Here’s What Burlington Might Look Like in the Future

In a notice from the Halton Region, the City of Burlington was recently advised that its adopted Official Plan does not conform with the Regional Official Plan.

This will result in modifcations to the Official Plan, potentially changing how Burlington will look in the future.

The city's plan, according to a recent press release, does not conform in regards to a number of areas related to policies and mapping, and among others including: proposed employment land conversions and permitted uses within the employment areas and lands, the identification of and permitted uses within agricultural lands, the identification of and permitted uses within the Natural Heritage System, as well as transportation matters, such as road classifications.

Both the city and the Halton Region will be working together in order to draft notice of decision that will include changes to be made in the city's Official Plan.

These changes will be shared with the city and brought forward to City Council for consideration.

"This is the news the community has been hoping for," Mayor Marianne Meed Ward said in a recent press release.

"We will now have an opportunity to bring any additional changes to the Official Plan that the community has been asking for. We will also have a chance to incorporate ongoing work into the plan before returning it to the region, for example on the Mobility Hubs. We will be planning public engagement in the New Year."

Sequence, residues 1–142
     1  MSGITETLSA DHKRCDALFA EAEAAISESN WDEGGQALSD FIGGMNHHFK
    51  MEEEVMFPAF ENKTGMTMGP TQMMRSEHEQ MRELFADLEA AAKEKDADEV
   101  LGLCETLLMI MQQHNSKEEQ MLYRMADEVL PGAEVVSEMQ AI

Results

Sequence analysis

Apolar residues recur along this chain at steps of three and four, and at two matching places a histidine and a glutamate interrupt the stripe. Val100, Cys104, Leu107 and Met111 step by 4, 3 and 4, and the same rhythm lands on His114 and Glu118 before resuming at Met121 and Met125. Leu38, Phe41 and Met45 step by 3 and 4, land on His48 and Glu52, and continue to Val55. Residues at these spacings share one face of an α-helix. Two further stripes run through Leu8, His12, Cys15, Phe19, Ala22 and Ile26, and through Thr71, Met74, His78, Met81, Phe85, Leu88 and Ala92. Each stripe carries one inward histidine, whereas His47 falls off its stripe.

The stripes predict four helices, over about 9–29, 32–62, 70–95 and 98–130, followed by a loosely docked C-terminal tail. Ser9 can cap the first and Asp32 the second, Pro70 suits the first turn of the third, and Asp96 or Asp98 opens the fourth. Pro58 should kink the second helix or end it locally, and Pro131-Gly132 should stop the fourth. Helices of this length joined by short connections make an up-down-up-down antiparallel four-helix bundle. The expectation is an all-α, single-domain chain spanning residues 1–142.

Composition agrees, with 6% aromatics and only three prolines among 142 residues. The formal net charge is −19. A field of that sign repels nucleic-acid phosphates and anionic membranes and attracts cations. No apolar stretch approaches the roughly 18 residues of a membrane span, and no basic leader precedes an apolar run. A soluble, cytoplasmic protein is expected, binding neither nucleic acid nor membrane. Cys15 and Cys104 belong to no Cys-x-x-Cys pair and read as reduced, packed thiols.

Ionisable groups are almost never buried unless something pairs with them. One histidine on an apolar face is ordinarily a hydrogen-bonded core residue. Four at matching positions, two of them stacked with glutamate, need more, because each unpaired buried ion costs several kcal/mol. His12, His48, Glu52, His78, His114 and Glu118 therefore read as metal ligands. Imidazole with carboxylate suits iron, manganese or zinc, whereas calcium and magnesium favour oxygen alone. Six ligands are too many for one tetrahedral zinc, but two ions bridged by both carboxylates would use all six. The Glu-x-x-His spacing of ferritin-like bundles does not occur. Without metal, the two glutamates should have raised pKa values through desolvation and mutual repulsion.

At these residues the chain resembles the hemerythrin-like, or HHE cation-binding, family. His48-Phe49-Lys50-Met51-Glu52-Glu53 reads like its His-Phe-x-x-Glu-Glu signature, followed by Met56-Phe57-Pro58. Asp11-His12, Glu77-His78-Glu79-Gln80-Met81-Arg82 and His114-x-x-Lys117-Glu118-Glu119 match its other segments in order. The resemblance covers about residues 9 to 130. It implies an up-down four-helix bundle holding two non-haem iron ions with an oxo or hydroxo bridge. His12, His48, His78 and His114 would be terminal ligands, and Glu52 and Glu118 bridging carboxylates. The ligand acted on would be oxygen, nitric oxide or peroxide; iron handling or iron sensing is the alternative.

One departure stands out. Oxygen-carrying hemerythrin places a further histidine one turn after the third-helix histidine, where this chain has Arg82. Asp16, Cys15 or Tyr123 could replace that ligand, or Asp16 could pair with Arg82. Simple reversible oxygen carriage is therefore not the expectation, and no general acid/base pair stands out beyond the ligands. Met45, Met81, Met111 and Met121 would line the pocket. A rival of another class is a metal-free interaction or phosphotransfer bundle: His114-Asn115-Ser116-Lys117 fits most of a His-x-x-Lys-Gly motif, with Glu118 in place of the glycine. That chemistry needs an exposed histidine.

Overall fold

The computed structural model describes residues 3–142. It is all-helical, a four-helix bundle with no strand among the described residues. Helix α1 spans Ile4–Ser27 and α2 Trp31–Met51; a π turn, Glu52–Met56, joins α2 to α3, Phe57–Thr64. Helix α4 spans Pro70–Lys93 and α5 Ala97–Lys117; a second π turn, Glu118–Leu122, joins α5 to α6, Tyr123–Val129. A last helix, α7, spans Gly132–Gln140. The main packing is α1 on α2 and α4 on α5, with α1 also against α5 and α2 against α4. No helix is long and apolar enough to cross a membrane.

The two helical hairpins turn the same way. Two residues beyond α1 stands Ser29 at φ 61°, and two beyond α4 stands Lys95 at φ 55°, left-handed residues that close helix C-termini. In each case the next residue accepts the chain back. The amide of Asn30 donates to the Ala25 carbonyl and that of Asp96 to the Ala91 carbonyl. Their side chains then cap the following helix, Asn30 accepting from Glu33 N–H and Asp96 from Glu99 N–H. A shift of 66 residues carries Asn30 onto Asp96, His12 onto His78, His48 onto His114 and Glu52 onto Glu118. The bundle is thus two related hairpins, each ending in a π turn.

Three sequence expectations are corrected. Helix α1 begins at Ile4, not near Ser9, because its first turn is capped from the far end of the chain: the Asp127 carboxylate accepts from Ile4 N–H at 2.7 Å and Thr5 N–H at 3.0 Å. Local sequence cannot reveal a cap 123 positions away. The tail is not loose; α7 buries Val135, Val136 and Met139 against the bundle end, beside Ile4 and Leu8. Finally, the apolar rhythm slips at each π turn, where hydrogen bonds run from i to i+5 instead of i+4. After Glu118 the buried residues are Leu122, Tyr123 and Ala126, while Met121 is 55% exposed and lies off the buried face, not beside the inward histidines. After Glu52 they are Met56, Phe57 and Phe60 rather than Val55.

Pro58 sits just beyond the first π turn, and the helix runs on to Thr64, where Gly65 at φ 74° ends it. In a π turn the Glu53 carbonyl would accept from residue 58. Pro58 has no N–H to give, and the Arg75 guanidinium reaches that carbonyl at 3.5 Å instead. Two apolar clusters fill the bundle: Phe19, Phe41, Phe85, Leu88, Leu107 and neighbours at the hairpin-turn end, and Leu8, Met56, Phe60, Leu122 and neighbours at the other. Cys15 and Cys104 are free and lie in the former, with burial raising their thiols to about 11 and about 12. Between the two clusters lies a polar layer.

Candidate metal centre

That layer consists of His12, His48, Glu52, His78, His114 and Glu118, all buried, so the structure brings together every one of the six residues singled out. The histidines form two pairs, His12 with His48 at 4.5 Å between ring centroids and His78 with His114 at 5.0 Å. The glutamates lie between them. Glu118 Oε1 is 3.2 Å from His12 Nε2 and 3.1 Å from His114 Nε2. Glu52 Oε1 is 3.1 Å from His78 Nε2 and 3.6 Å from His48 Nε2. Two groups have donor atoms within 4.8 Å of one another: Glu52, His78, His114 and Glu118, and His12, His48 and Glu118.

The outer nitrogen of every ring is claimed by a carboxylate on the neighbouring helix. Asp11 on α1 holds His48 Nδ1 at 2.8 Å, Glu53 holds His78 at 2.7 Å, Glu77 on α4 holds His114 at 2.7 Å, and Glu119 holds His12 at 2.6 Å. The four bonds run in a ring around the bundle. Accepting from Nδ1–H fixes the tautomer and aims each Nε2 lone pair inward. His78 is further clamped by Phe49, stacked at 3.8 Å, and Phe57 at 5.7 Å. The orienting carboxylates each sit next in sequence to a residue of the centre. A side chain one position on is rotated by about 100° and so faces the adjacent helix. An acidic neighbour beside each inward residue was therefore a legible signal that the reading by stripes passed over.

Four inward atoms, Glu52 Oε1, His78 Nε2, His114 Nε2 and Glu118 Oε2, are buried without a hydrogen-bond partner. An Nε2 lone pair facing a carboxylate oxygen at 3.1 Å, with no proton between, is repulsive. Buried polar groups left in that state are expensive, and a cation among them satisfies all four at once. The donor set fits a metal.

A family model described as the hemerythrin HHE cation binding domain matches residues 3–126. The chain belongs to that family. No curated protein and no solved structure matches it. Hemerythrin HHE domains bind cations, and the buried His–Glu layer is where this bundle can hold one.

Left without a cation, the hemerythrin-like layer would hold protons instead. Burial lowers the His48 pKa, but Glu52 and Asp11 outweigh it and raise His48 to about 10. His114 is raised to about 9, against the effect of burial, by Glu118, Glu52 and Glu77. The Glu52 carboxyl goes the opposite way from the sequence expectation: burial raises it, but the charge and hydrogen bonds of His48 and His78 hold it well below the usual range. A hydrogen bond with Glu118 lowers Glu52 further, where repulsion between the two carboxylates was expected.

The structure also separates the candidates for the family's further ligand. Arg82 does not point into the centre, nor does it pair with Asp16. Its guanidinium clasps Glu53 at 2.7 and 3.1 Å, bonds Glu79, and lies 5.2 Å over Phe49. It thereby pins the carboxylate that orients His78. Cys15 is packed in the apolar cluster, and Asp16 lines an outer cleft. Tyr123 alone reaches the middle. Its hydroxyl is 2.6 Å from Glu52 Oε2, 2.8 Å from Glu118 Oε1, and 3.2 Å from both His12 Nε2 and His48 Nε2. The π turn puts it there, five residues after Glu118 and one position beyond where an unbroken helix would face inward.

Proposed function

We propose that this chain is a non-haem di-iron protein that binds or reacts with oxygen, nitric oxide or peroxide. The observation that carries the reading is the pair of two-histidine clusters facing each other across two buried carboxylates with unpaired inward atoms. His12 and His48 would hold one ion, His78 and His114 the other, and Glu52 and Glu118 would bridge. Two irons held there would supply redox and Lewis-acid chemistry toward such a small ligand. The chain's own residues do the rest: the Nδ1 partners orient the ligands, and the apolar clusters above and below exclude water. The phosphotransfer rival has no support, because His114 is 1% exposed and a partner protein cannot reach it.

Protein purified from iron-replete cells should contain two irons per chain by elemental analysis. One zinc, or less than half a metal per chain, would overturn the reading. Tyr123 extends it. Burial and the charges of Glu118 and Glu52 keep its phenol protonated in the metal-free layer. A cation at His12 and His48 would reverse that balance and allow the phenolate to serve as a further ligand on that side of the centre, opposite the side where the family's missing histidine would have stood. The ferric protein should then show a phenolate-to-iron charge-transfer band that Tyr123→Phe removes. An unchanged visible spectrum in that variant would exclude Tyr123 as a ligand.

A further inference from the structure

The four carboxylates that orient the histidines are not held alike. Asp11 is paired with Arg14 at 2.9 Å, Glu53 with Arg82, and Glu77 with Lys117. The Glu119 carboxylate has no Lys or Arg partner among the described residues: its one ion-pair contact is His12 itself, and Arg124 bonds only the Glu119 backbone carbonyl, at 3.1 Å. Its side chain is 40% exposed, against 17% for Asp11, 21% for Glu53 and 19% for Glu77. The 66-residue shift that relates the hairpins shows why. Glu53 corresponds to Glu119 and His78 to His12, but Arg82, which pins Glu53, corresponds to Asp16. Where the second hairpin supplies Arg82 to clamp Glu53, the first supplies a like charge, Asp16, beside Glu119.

Mayor Meed Ward will work with Burlington Council to ensure the city and Region are able to take the time necessary in order to work on any potential modifications of the Official Plan.

This will also allow time for any additional matters the new Council would like to address before final approval.

The process for final approval of the city's Official Plan will include the following:

  • The ability for Burlington to make additional changes before the Official Plan is approved by the Halton Region.
  • Once city staff agrees that the issues of non-conformity have been addressed, the proposed changes would be brought back to Council for a vote before final approval by the Region.
  • An indefinite 'pause' of the 210 days the Region has to approve the Official Plan. If the Halton Region does not provide a decision within this timeframe, appeals can be filed with the Local Planning Appeal Tribunal (LPAT).

In the following links, residents can view the Cover letter from the Halton Region as well as the Notice of statement of opinion from the Halton Region.

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